Occupy Violence Reignites Criticism Of Oakland Police

Clashes between police and Occupy Wall Street protesters in Oakland, Calif., made news this week. But the violence has less to do with the Occupy movement than with the long history of law enforcement troubles in that city.

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ARI SHAPIRO, HOST:

This is MORNING EDITION from NPR News. I'm Ari Shapiro. Renee Montagne and Steve Inskeep are away. In Oakland, California, protestors with the Occupy Wall Street movement continue to stand vigil in a downtown plaza in front of City Hall. This week, police fired teargas and bean bags at protestors. The incident is under investigation, and NPR's Carrie Kahn reports that the confrontation has reignited criticism of the Oakland police.

CARRIE KAHN, BYLINE: In the downtown park in front of City Hall, the protestors have changed their tune.

(SOUNDBITE OF PROTEST)

KAHN: The chanting is more about ending police brutality than stopping Wall Street's greed. Hundreds turned out last night for a vigil for one protestor who remains hospitalized after being struck in the head by a non-lethal projectile. Civil rights lawyer John Buriss says the police have no one to blame but themselves for the change in message.

JOHN BURISS: You really caused the whole atmosphere to change from Wall Street to the police, and in Oakland, that's a very big deal.

KAHN: Buriss says resentment for the police in Oakland lies close to the surface.

BURISS: There has been a long history of clashes between the community and the police here going back to the Black Panther days.

KAHN: More recently there was the scandal in 2000 where four officers known as the Riders allegedly entrapped suspects and beat them. In 2003, the department took a lot of heat over its handling of an anti-war protest. Buriss reached a settlement over that case with the Oakland Police to reform how the department handles crowds, and a federal monitor was appointed to oversee changes in other policies in the wake of the Riders case. Buriss says so many resources have gone into trying to reform Oakland Police, but he asks now, was it just a waste of time?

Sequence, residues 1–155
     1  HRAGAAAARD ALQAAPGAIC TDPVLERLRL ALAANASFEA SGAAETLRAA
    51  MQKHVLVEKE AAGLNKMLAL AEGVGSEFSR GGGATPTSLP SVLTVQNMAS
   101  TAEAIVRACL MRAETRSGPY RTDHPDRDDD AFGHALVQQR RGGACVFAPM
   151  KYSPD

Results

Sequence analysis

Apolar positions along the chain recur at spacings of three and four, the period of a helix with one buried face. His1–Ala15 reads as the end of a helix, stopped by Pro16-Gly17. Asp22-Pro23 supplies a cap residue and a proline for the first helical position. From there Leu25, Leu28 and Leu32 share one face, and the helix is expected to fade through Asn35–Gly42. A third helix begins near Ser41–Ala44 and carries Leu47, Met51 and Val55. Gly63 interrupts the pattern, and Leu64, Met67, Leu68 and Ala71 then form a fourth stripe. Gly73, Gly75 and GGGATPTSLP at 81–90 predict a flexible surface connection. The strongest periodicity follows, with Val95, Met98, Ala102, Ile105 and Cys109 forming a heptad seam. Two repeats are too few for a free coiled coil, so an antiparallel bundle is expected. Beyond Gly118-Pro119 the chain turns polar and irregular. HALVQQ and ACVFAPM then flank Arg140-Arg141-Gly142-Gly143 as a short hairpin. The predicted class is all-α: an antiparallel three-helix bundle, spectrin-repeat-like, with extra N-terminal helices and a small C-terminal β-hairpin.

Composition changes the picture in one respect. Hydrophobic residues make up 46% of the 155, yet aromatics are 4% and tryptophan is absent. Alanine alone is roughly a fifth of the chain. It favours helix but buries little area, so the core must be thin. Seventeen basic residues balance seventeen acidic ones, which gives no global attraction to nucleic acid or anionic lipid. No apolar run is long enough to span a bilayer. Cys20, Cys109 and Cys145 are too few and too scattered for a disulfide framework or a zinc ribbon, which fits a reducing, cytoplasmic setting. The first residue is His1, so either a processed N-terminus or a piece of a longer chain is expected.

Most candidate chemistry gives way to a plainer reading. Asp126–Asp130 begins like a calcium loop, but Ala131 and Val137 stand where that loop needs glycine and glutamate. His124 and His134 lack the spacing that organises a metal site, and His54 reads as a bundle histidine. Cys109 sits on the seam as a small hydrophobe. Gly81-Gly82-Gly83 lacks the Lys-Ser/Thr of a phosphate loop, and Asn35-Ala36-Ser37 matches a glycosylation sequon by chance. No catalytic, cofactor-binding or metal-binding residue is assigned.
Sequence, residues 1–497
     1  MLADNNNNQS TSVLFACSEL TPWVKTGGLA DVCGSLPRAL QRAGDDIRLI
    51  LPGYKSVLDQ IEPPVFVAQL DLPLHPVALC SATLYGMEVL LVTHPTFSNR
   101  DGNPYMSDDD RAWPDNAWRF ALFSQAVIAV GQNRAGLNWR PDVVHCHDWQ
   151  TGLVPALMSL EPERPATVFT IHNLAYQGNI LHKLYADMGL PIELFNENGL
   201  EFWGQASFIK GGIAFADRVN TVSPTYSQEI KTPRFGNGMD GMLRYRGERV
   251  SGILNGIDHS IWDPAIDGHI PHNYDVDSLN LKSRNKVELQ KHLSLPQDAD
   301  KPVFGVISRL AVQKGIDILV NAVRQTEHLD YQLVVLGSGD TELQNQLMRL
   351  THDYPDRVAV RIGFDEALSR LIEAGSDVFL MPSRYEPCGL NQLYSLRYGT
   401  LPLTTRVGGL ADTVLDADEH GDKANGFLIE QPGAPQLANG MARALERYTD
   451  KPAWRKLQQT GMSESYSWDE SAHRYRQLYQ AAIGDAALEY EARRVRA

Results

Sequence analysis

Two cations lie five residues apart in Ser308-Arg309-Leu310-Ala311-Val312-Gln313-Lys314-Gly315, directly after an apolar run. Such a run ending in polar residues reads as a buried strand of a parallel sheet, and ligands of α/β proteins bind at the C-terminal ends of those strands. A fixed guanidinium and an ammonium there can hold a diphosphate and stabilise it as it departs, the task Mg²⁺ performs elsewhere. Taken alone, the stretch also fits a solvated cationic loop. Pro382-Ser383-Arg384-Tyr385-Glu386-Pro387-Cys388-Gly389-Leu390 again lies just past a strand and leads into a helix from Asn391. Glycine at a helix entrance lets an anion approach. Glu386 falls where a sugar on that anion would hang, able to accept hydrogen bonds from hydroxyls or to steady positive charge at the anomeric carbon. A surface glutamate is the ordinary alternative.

BURISS: Have we just spent all this money and given all this time, and at the end of the day the department reverts back to sort the out-of-control conduct that they were involved in?

KAHN: Buriss says in light of Tuesday's events, it may be time for increased federal oversight of the department. Earlier this week, interim police chief Howard Jordan said he will fully investigate all allegations of excessive force, but Jordan stressed that protestors pelted his officers with paint, bottles, and other objects. Jordan has only has the top job for a few weeks. He took over after Chief Anthony Batts resigned earlier this month.

Jordan is the fourth chief of police in Oakland in the past 10 years. He did not respond to repeated interview requests Thursday. Dom Arotzarena, president of the local police union, says officers alone are taking the heat for what happened Tuesday night.

DOM AROTZARENA PRESIDENT, OAKLAND POLICE UNION: The police officers are being told what to do. It's not like they're going out acting alone. This was a major operation. We were directed to do this.

KAHN: Mayor Jean Quan told reporters earlier in the week that she had limited input into the police action. She too did not respond to repeated interview requests yesterday. However, late Thursday night, Quan issued a statement to protestors. She apologized for what happened to them, and said responsibility was ultimately hers. Carrie Kahn, NPR News.

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